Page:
Jan Maxwell, Marin Mazzie, and Rebecca Luker were all luminaries of the theater world whose work was consistently excellent. Maxwell, a five-time Tony nominee, died in 2018 from cancer. Whether she was breaking your heart (as she did in "Follies") or made you laugh until you cried (as she did in "Chitty Chitty Bang Bang"), seeing Maxwell on stage was always a profound thrill. Marin Mazzie also died in 2018 from cancer, and the three-time Tony nominee had been a mainstay on Broadway since the mid-eighties, appearing in "Into the Woods," "Passion," "Ragtime," "Kiss Me, Kate," and "The King and I." Lastly, Rebecca Luker was one of the loveliest presences on the stage, and she passed away in 2000 from ALS at the age of 59. After getting her big break as Christine in "The Phantom of the Opera," she became a leading lady in her own right, starring in "The Secret Garden," "Show Boat," "The Sound of Music," and "The Music Man." A three-time nominee, her performance as Marian in "The Music Man" was particularly ravishing, but that year both she and Marin Mazzie (nominated for "Kiss Me, Kate") lost to Heather Headley for "Aida."
"The Will Rogers Follies" Wins Best Musical and Best Score.
Despite its size, sparkle, and terrific choreography, "The Will Rogers Follies" is as boring and as dated as it gets. That year, it was up against "Miss Saigon," "Once on This Island," and "The Secret Garden" for Best Musical and Best Score, winning both. Time has not been kind to the score, whereas the scores for its competition remain – to varying degrees – excellent to this day. It is likely that "Will Rogers" had goodwill in its favor, an early nineties attempt at recapturing some of the pizazz of the golden age of Broadway, particularly since the score was written by legends Cy Coleman, Betty Comden, and Adolph Green. Speaking to "Miss Saigon's" loss, it also could have been a rebuke of the British invasion of Broadway which saw massive shows like "Evita," "Cats," "Les Misérables," and "The Phantom of the Opera" take over Broadway in a way that changed it forever.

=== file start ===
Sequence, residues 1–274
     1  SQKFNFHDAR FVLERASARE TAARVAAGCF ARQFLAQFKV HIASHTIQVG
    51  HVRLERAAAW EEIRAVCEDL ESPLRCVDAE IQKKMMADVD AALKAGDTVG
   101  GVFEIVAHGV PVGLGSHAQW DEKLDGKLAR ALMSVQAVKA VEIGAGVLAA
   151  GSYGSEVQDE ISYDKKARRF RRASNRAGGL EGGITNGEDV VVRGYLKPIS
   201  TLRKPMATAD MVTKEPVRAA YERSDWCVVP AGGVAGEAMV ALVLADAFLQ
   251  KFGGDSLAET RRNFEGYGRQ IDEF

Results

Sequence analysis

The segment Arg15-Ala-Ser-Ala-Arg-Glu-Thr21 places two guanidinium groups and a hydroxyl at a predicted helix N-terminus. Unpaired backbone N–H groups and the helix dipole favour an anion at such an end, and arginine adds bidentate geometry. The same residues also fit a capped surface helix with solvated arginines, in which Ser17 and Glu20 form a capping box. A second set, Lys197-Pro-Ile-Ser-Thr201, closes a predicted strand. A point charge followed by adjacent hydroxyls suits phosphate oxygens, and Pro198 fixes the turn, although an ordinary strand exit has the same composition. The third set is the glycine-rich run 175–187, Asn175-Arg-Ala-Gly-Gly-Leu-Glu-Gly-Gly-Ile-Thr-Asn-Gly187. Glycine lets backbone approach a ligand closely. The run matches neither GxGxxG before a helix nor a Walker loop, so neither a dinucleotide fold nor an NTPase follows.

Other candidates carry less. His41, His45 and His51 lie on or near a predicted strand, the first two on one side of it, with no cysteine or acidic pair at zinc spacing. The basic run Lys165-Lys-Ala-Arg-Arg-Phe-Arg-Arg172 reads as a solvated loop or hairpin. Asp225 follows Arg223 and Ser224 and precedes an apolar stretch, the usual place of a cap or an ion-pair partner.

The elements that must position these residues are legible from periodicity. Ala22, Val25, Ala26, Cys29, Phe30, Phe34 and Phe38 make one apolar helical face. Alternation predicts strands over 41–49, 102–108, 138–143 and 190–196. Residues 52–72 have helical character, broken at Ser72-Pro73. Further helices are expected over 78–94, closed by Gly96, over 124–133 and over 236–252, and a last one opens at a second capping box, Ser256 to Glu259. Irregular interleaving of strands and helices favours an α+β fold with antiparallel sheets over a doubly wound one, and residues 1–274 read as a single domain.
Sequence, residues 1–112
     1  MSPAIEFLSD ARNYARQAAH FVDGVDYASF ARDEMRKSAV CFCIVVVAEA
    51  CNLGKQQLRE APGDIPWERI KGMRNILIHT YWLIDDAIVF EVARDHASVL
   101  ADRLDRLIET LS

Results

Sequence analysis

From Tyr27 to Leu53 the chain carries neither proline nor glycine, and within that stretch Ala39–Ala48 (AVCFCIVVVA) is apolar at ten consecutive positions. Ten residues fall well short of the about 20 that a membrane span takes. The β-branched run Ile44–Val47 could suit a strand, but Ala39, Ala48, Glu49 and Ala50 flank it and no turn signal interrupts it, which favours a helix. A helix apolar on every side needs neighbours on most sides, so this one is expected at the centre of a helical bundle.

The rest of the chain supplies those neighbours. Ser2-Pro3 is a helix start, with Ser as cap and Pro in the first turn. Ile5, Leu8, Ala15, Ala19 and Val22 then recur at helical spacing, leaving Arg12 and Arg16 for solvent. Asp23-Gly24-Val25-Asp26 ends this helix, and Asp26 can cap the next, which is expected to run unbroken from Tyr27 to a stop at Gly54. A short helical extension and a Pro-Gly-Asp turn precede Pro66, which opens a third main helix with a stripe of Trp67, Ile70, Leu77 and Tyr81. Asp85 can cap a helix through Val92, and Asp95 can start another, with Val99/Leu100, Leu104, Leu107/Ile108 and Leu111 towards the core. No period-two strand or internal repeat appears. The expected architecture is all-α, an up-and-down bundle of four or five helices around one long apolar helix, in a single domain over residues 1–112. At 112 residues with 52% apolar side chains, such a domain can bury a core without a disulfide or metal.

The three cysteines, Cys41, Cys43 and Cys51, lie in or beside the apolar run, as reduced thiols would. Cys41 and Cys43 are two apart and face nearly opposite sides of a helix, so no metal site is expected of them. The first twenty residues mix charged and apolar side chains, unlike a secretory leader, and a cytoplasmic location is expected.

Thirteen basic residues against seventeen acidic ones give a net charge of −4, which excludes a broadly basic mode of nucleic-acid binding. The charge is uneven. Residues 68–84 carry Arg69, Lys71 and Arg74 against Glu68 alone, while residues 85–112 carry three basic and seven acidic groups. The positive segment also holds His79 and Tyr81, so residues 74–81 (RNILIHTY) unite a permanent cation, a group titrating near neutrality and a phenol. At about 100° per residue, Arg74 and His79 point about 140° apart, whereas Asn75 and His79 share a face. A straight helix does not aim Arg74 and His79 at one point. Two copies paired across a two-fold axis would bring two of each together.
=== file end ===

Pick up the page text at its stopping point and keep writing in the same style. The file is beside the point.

Idina Menzel Defies Gravity. And the Odds.
The biggest nail biter of the 2004 Tony Awards was Best Performance by a Leading Actress in a Musical, which was largely considered to be a three-way race between Tonya Pinkins for "Caroline, or Change," Kristin Chenoweth for "Wicked," and Donna Murphy for "Wonderful Town." All three performances were among the best I've ever seen, though I'd have given it to Pinkins for her heartbreaking, powerhouse performance in "Caroline." There were a couple factors at play this year that probably impacted the way the votes fell: Pinkins, Chenoweth, and Murphy all had Tonys already (Murphy had two), and the fact that none of them had overdue status meant that there wasn't a major groundswell of support for one of these ladies, but rather all three. In addition, Pinkins was plagued with vocal problems leading up to the Tonys (this can still be heard in her Tony performance), and it's possible that voters either saw her understudy or heard her not sounding her best. Murphy, too, was making news on an almost weekly basis for how many performances she was missing. During previews, she missed more than half the performances. Things didn't get much better once the show officially opened, prompting the New York Post to write: "[N]ow that the U.S. military has found Saddam Hussein, maybe they can find Donna Murphy." With two weakened candidates and Chenoweth already a Tony winner, the door opened for a Menzel upset, though almost no one saw it coming. Menzel wasn't bad as Elphaba, but her acting was wooden and her voice could not keep up with the demands of the score in live performance.
"Victor/Victoria" is Shockingly Snubbed.
One of the most shocking oversights in Tony history happened in 1996 when the sensational "Victor/Victoria" was only nominated for one award, for star Julie Andrews. Worse, 1996 wasn't even a great year for musicals, so it's not like the competition was fierce that year. The only major contender was "Rent," with "Bring in 'da Noise, Bring in 'da Funk" as a distant second. The original production of "Victor/Victoria" was filmed and is readily available online, and as anyone who saw it will tell you, it was everything that a musical should be: Lavish, dazzling, hilarious, and marked Andrews' grand return to the stage. It was a sold-out smash hit. But Andrews declined her nomination, choosing instead to stand with the "egregiously overlooked" company. It's too bad, because she would have won that year, earning her elite EGOT status. And, as we now know, she never sang again.